By Daniel Alexandre Portoraro, MBA in Hospitality Management, Canada/Italy, 2014-2016 2nd Year
The hospitality industry, like many others, is defined first and foremost by the service delivered to the customer. Unlike many other industries, however, that service is hugely dependent on human interaction. As such, it is paramount that those in the hospitality industry have a firm grasp not only of this concept, but of how to best utilize what is referred to as human capital.
As part of the MBA in Hospitality Management IMHI, all candidates are required to undergo two classes in human resources, Managing Oneself, and Managing People. Both are integral to developing a cohesive human resource strategy; after all, one cannot manage a team without knowing one’s own limitations, skills, and personal aspirations.
In addition to the theoretical material taught in class, students are required to complete two projects. The major one centers on developing a strong, logical, sprawling human resource plan for a hotel opening in an emerging market (e.g. Kenya, Iran.) In addition to this, groups are assigned a specific brand of a specific hotel operator. This forces students not only to put together an HR plan for a hotel, but one which matches the core values and mission statements of specific brand, and its overarching operator.
Students are therefore required to delve deep and analyze the corporate culture of a firm, as well as that of a specific brand, and apply it to a specific market, taking into consideration a variety of factors. Following this, students are required to engage in feasibility studies: We have the operator, we have the brand, now how many keys will the hotel have? What facilities? Seemingly easy questions to answer, one must be careful to balance the physicality of the hotel with what the market demands, what the supply is, and keeping all of this in-line with brand standards.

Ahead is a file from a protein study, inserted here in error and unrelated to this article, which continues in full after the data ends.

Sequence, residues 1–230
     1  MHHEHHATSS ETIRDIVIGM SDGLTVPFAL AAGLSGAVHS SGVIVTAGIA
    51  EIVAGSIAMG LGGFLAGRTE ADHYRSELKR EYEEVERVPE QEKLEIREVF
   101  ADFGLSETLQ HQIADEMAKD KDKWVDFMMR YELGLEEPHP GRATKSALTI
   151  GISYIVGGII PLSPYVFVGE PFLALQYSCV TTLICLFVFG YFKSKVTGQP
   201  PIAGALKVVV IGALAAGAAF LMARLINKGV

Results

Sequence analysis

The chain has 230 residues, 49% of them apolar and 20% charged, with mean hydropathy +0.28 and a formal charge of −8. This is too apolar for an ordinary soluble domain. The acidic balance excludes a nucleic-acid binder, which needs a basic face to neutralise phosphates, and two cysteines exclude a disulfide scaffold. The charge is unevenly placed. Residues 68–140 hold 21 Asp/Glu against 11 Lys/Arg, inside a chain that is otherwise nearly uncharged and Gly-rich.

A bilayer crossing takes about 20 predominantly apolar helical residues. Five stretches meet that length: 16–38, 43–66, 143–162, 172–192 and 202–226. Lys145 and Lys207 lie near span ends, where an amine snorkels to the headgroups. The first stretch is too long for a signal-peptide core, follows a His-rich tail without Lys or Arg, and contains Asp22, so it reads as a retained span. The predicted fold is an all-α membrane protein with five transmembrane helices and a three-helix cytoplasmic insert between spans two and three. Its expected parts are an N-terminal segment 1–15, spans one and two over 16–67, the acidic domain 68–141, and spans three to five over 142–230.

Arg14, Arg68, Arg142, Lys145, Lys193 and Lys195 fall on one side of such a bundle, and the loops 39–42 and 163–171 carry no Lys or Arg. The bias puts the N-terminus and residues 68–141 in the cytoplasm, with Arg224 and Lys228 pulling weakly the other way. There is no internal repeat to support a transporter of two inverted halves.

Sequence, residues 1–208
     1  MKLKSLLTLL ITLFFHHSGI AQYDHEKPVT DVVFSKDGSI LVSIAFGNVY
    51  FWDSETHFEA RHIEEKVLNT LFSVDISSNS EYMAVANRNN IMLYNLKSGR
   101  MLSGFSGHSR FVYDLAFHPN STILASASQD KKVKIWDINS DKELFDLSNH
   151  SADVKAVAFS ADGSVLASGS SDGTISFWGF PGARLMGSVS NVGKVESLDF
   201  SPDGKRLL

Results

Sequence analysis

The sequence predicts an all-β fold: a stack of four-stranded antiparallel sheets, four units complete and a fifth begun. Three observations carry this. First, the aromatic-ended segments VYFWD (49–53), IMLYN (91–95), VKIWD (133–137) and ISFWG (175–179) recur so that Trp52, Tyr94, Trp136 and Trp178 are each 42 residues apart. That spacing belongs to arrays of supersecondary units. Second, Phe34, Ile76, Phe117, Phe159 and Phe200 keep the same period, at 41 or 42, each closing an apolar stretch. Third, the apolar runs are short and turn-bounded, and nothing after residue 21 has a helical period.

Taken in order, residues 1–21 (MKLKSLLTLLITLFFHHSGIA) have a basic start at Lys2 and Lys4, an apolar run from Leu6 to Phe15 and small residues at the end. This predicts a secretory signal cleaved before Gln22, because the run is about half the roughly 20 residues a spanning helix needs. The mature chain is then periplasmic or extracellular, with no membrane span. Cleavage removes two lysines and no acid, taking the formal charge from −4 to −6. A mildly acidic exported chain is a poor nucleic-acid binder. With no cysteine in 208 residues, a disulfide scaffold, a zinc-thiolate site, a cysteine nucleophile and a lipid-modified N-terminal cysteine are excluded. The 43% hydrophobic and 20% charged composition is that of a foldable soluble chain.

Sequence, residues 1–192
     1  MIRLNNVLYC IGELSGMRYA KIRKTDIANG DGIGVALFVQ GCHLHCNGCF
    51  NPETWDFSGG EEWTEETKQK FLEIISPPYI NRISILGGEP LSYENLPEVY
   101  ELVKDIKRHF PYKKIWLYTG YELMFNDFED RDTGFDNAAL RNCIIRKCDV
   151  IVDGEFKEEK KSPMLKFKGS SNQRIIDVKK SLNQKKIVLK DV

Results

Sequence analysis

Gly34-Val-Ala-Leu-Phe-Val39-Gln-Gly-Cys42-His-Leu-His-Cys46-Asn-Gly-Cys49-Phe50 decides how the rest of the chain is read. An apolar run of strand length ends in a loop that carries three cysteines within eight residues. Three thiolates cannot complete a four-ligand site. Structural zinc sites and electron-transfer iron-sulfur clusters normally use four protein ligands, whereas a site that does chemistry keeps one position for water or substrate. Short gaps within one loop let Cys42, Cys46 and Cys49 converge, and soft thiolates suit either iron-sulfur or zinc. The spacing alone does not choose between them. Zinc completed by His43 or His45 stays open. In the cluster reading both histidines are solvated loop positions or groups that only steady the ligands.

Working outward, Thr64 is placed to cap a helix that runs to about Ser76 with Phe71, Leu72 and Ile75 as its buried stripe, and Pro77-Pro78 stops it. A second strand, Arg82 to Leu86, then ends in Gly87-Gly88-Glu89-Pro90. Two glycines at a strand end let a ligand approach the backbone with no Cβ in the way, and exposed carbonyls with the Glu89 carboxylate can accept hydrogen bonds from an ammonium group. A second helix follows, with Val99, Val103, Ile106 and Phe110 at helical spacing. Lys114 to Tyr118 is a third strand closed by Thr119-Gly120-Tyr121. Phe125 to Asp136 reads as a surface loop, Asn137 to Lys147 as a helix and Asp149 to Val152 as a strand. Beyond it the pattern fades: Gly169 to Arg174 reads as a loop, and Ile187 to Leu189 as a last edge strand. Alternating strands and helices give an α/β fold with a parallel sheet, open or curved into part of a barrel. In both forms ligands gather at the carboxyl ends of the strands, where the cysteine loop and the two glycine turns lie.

Once this has been completed, students must begin the strategizing of the hiring and recruitment process: Identifying what types of employees are needed, where to source them, and how to structure compensation packages for both financial, and non-financial reward. While this may appear simple at first glance, one must remember that in certain emerging markets, there is not only a lack of skilled labour that customers and operators expect, but certain cultural, legal characteristics which require further analysis (e.g. market-dependent ethnic or gender quotas.)
And all of this must be done while keeping within certain financial parameters; human resources is not simply a matter of making one’s operational team happy, but aligning one’s HR goals with the investment objectives of a hotel’s owner. Needless to say, this project requires intensive research, and forces students to reach out to HR professionals within the hospitality industry.
Whether one is seeking a future in revenue management, business development, or finance within the hospitality industry, this HR project is of paramount value as it forces students to think – regardless of their professional aspirations – of the core aspect of the hospitality industry which is human interaction. By forcing students to think at this level, we realize that wherever we wish to go, sound usage of human capital is of vital importance, both in terms of how we manage others, and ourselves.